Tuesday, August 24, 2010

At the Mountains of Madness- Part Five: "The Chrysanthemum and the Sword"

Konichiwa, Charujasato-san! We hope you’re the mood for suburban child scandal and advertising intrigue! Lord knows we are! And if you aren’t? Who are you, Dr. Lyle Evans? Click ahead and let the fun begin! It’s spoiler time!

Boivin: This week we got two very distinct plotlines, one being a return to the house formerly known as Draper. As I mentioned in the very clever and funny opening line to this post, we’re back to the show’s regular formula of half of the plots revolving around Don and Sterling Cooper Draper Pryce’s adventures in advertising and the other half dedicated to the home front. I guess we should start with the office comings and goings: Don’s got a rival! The Japanese? Those sandal-wearing goldfish tenders?

Jordan: The same. Just in time for Lucky Strike to see its bottom line drop into the toilet, Pete Campbell, who is becoming so good at his job I’m damn near proud of him, found the next golden goose in the Honda corporation. They were only manufacturing motorcycles at this time, but Pete find them as they’re looking to expand into the car market. They’ve chosen three American advertising firms to compete for the account. And they’re only allowed three thousand dollars to win over the men from the East. Piece of cake for Don Draper, right?

Boivin: In terms of cake pieces, it would’ve gone great if not for Pacific vet Roger Sterling shooting his mouth off. How’d you feel about Roger’s series of anti-Japanese tirades? I thought they were hilarious (Editor's note: Charge Shot!!! does not advocate nor does it condone Mr. Boivin's racism), and my weakness for World War II puns was in full effect. Also, I loved all the stuff about navigating the Japanese customs with the help of Cooper-sempai. About time we got some use out of his hentai fetish!

Jordan: Is there any way you can feel towards hentai that doesn’t qualify as a fetish? I certainly thought they were funny and, more importantly, plausible. Roger doesn’t often look like much more than a smug asshole, but here we see that he does indeed care about someone other than himself. There are scant flashes of his humanity, and this was one of them. Thank the kami Pete reeled him in, though. Don brought it home, but Campbell had the balls to tell him off.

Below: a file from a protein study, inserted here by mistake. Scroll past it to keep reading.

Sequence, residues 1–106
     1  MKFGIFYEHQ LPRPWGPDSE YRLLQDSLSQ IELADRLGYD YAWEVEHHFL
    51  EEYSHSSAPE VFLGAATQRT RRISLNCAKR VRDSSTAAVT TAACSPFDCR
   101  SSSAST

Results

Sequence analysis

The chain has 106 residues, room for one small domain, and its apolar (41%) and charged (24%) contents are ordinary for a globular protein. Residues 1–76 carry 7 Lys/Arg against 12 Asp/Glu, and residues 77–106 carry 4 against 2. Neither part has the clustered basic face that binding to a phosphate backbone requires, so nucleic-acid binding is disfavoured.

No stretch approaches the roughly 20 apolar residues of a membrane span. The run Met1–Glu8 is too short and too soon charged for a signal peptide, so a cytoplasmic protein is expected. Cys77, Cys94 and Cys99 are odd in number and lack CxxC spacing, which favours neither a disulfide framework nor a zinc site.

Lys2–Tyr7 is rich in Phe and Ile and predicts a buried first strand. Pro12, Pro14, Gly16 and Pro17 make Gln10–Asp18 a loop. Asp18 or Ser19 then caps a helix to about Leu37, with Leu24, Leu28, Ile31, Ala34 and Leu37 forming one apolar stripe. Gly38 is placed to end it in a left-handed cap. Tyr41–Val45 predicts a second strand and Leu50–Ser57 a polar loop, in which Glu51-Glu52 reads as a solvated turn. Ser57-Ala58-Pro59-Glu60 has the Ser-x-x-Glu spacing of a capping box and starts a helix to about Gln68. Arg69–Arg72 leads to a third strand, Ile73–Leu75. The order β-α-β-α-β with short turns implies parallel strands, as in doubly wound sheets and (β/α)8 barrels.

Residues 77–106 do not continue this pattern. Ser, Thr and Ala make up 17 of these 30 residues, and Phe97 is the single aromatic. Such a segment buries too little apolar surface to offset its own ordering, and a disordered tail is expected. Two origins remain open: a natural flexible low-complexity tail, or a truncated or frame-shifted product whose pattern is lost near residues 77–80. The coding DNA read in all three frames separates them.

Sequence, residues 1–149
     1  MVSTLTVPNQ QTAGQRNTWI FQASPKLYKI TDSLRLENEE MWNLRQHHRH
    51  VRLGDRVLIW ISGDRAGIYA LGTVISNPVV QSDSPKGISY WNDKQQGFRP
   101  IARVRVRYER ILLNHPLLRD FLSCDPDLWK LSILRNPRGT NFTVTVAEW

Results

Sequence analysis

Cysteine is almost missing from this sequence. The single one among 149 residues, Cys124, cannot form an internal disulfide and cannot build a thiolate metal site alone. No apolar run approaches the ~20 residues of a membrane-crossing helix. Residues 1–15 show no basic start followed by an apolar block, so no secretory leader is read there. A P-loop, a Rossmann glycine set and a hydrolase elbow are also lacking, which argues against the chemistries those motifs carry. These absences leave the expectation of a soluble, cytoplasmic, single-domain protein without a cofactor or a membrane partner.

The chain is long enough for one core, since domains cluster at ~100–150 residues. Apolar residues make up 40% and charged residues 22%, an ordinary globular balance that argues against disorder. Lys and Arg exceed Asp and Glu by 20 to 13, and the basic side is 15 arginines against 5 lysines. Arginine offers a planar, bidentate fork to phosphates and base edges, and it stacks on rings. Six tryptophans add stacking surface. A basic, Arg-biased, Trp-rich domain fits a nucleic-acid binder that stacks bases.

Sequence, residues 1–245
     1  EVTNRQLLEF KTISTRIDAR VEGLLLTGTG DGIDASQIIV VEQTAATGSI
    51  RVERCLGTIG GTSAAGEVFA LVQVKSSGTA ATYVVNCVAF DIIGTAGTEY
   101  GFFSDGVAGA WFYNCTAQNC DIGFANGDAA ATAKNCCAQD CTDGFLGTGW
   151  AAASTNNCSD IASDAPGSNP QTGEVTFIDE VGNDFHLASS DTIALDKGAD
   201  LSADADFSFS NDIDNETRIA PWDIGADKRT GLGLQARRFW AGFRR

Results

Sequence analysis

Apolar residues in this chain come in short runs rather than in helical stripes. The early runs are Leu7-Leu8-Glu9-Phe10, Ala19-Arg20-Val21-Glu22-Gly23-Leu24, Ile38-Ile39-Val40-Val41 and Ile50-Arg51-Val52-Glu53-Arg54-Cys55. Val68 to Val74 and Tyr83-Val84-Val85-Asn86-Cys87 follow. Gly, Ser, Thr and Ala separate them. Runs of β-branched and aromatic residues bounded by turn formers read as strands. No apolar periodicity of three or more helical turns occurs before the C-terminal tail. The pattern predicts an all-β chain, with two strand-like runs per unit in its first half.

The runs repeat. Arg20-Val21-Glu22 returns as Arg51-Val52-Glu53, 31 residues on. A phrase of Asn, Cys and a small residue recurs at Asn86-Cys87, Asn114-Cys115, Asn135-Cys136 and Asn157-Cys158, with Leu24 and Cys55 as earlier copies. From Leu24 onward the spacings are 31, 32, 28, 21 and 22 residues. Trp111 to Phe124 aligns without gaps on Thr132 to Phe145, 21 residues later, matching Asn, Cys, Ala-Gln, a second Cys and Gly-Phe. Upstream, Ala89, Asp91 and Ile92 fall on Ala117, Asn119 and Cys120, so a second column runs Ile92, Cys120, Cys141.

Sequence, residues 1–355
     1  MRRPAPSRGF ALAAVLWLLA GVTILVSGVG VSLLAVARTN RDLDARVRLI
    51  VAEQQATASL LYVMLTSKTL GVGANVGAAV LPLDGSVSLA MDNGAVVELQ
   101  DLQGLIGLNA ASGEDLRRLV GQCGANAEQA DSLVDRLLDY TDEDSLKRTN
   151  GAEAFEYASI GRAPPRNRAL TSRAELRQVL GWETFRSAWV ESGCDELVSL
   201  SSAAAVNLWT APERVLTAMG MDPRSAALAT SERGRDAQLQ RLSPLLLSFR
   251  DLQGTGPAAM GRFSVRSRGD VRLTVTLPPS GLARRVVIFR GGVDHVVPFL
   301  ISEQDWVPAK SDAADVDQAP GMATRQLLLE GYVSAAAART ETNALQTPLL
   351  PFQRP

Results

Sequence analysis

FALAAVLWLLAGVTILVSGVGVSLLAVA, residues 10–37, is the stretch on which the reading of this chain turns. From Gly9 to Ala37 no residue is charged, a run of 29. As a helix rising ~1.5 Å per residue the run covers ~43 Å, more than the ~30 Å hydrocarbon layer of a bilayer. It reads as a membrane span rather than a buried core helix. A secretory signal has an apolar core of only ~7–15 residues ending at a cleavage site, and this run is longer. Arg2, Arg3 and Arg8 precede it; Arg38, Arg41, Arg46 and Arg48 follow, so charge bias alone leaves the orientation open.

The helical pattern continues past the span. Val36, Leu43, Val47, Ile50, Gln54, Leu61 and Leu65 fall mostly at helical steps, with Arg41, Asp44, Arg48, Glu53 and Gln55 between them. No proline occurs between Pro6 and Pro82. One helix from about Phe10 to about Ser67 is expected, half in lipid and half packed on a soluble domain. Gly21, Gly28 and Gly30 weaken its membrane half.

Boivin: I like this heretofore unexplored rivalry between Pete and Roger. I think Roger’s fired him at least once but their interaction has been fairly minimal and professional. With Roger off the rails, Pete speaks truth to power and shows what a competent and, amazingly, essential part of the agency he has become. Who could have figured that his bitchface would climb so high?

And speaking of interactions with Roger, I loved his scene with Joan. And speaking of which, how does she not fall over?

Jordan: A giant ass that acts as a counterweight. Joan has become even more fierce than she was the first few seasons. The partners still parade her about, but SCDP’s rank-and-file seem too intimidated by her to treat her like an object. She, the symbol of everything backwards about female employment in the ‘60s, has ironically become the most powerful woman in the office. Maybe more so than Peggy, who we only see a bit of in this episode. But we swap an Olson for a Francis as Betty comes roaring back into the picture.

Boivin: Peggy riding around that empty sound stage on the motorcycle: one of my favorite images ever. I think I’ll get it as a tattoo.

Regarding Henry: he’s shaping up to be a pretty swell guy. Betty on the other hand...yeesh. When you hit a child, you generally lose all the audience’s support. Betty’s becoming an almost over-the-top monster (not that I’m complaining) and is starting to be the closest thing the show has to a straight up villain. The way she deals with the, um, situation at home is really bad. She’s losing sympathy fast.

Last season, a reader of this feature accused me of harboring an illicit crush on Sally Draper so I’m going to let you take on this part of the episode.

Jordan: Oh Jesus, Boivin. Illicit would be the nice word for that.

The A.V. Club last week named Betty Draper as one of their 22 “Showblockers,” characters so grating/unrealistic that they stop an otherwise quality show in its tracks. And while I agreed totally with that conclusion last week, I actually remembered why I felt sympathy for Betty while watching this episode. She’s inhumane, inhuman even, but she really did deal with some truly heinous, alienating shit in the form of one Mr. Donald Draper. Seeing Betty slap Sally stings a little bit less when you realize Betty’s really just a child herself. But she’s certainly hard to love.

Boivin: Betty’s “Showblockers” problem comes a lot from her being separate from the office story-lines. Dealing with her takes focus off the stuff going on about accounts and such. But it’s essential for Don. I love the war between the two of them, and Betty has some good points about his piss poor child-rearing skills. Faye’s suggestion that Sally just needs to know that daddy loves her was spot on.

Jordan: You know, I think there’s something sweet and genuine brewing between Faye and Don. We both kept expecting them to jump into bed together immediately, but watching them slowly learn more and more about one another is far more satisfying. I think Don may have found his foil. But for now, he’s still the awesomest dude in Awesome Town. Him writing a check to the Japanese returning the three grand for the ad contest was one of the most fist-pump-worthy moments of the season. And it really does warm the cockles of my heart to know that, even without Lucky Strike, SCDP will be just fine, now that they’re doing things Don’s way.

Boivin: One last note before we go: The Man From U.N.C.L.E. taught me how to masturbate too.